CX, E-Commerce, and AI @ Nike

2013-2015, 2024*


Future Product Designer




Case Study

My Nike career started as a part-time retail “athlete” and I worked my way into management. My dream was to make it to a corporate design job, but sometimes paths change. Even though I chose a different direction, Nike still had an everlasting effect on my career. 

This case study showcases how my experience at Nike helped me take my first steps as a UX Designer, preceded by an exploration into AI that emulates the in-person experience that is missing from e-commerce.

AI Exploration

I’ve conceptualized a feature within the Nike app utilizing conversation design and my retail experience.  Think of a situation where you're looking for a specific shoe, but you don't know what exactly that is. People go into physical locations to speak with experts and figure out what it is they're looking for.

You can't get that same experience online.

The experience mimics the in-person experience that a customer would receive if they walked into a Nike store looking for a shoe that would fit there needs (a situation the case study below outlines).

With brick and mortar declining, this could be a great way to capitalize on that live customer experience within the constraints of e-commerce.


Background: All of my formal work experience revolved around customer service, and as I was trying to break into the UX field, I had trouble applying that to my resume and portfolio

Problem: Lack of formal UX experience made it hard to break into the UX field

Solution: Applying UX principles to my past experience at Nike made me realize that I was already using UX and embracing customer empathy while also using this case study as an exploration into AI and e-commerce

Result: 7+ years later and UX has ruined my life

What follows is the original case study applying UX principles to my past experience.

Design Thinking

As a consumer, there’s so many options to choose from when it comes to sneakers. There’s different categories like running, training, basketball, etc. which can be broken down even further. Sometimes consumers are left choosing a product not designed for their needs, and end up unhappy with their choice. How do you fit the best product for the particular customer? Design thinking.

My Role

As an employee, it’s our purpose to find exactly what they are looking for. You're equipped with training techniques to interview customers, cross-reference different technologies, as well as be able compare product with different competitors. Every customer is a project with a short turn-around time.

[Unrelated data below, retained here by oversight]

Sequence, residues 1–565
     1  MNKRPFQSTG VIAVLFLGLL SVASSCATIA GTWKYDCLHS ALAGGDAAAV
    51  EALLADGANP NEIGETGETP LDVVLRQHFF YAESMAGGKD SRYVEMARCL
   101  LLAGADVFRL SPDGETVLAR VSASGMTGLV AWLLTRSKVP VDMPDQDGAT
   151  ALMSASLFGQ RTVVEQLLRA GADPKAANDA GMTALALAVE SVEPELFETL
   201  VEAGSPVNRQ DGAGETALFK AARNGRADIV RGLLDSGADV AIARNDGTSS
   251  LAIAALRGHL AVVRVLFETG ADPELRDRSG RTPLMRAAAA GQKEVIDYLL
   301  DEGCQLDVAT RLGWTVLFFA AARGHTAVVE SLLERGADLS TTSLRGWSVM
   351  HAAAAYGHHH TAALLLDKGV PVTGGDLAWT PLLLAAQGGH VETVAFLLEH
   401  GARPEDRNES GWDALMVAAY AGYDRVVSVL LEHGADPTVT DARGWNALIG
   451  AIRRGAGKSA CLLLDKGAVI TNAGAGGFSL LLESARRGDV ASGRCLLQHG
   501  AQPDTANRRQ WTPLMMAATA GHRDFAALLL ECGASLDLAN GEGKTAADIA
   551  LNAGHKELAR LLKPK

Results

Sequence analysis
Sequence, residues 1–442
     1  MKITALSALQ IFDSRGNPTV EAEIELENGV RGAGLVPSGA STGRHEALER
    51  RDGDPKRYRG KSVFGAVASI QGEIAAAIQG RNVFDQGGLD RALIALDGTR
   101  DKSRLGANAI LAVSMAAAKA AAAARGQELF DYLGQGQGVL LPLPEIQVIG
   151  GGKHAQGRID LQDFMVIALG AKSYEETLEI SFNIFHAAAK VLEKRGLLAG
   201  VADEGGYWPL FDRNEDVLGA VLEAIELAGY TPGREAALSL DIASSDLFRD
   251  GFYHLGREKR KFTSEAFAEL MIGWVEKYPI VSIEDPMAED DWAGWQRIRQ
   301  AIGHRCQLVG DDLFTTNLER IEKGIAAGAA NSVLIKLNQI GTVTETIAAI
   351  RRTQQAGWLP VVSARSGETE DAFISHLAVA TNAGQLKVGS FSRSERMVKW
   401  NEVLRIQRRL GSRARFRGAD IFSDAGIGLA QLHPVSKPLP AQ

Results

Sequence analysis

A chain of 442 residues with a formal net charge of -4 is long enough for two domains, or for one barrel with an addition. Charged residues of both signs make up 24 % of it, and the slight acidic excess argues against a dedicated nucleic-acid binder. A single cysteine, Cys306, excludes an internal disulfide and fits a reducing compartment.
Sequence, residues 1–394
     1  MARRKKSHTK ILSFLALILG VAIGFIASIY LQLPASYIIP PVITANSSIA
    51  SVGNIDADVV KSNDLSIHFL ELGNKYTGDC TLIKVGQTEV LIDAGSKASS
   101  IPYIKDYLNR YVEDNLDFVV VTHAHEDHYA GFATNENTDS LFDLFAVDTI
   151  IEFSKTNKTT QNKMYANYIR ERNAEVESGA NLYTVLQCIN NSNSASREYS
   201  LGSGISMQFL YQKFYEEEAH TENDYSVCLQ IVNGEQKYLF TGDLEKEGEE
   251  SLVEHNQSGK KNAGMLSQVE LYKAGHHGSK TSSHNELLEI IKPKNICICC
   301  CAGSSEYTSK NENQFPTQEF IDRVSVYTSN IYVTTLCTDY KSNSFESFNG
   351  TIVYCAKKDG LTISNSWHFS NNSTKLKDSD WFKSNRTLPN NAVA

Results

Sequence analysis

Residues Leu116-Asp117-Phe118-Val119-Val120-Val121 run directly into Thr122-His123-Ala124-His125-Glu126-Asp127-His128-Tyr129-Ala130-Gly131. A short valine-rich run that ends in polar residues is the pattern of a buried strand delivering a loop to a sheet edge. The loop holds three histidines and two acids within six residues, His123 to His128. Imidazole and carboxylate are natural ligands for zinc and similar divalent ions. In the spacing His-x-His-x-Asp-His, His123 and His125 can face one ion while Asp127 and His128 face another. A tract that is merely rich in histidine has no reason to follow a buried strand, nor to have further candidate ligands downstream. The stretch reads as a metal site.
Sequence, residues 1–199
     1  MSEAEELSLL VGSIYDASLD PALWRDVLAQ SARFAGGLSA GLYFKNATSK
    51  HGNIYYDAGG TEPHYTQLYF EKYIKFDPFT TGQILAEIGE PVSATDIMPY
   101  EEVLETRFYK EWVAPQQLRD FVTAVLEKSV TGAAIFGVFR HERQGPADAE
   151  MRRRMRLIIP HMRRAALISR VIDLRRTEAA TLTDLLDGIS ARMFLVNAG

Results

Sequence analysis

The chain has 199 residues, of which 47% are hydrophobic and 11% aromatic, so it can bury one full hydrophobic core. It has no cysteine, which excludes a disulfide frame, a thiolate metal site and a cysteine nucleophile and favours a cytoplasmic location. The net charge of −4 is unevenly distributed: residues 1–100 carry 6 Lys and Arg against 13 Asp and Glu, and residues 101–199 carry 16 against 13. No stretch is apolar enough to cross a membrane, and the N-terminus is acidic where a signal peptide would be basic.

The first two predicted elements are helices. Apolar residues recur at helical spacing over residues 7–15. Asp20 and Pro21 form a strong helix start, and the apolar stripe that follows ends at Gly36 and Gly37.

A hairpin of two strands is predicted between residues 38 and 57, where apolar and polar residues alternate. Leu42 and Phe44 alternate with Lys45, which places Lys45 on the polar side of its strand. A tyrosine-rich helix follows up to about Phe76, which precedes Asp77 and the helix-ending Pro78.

The Challenge

Different customers have different stories. One could be looking for a running shoe to inspire them to start running again. Another could be looking for a basketball shoe that’s lightweight, but didn't sacrifice impact protection. Customers also presented unique problems like not knowing what they wanted, budget constraints, or even aesthetic taste. I was working with different personas!

I didn’t realize back then, but I was using design thinking to sell products.

It Starts with Empathy

For this case study, I'll use an example of a user looking for a running shoe.

A customer walks into the store and heads straight for an associate. They get to discussing the customer’s running habits. A user interview. They currently run in the Nike Free, unaware that the shoe is built for barefoot running, low impact, low mileage. They claim that the longer they go the more their feet hurt, and the fatigue weighs down even more. With this information, I can define the problem: they have minimal cushioning on their current shoe.


Synthesizing feedback from the “interview,” I infer that the customer is looking a for more impact protection, and stand the mileage of a longer run. I generate a couple ideas to choose from Nike’s footwear technology that possess these features, and come up with a "prototype:"

The Nike Zoom Pegasus 35 – Zoom air cushioning for a responsive(energy returning) ride. Engineered-mesh upper for a breathable, traditional fit.


I present the shoe to the customer for usability testing and make observations on their movement. New data is gathered. They miss the feel of the Nike Free (a model that mimics barefoot movement) because it was like an extension to their body. However, they do enjoy the cushioning.

Sometimes, the customer can be happy on the first try and walk out the door. Other times, like for this scenario, I would have to revisit the design process and reiterate. So I come up with another suggestion:

The Nike Epic React – React cushioning for a softer, impact-absorbing ride. A Flyknit upper for a sock-like fit.

This time, they immediately fall in love and run out the store (after paying!).

All thanks to design thinking.

Run It Back

I've already revisited my work at Nike with the AI exploration, and aside from that, I've also used the UX process to create sneaker concepts for some of my favorite basketball players. Nike still holds a place near and dear to my heart.

It wasn't the way I thought it'd be, but it foreshadowed where my career would go, and I'm happy to be where I am now with my untraditional experience at Nike.

Using the UX process to conceptualize sneakers for athletes.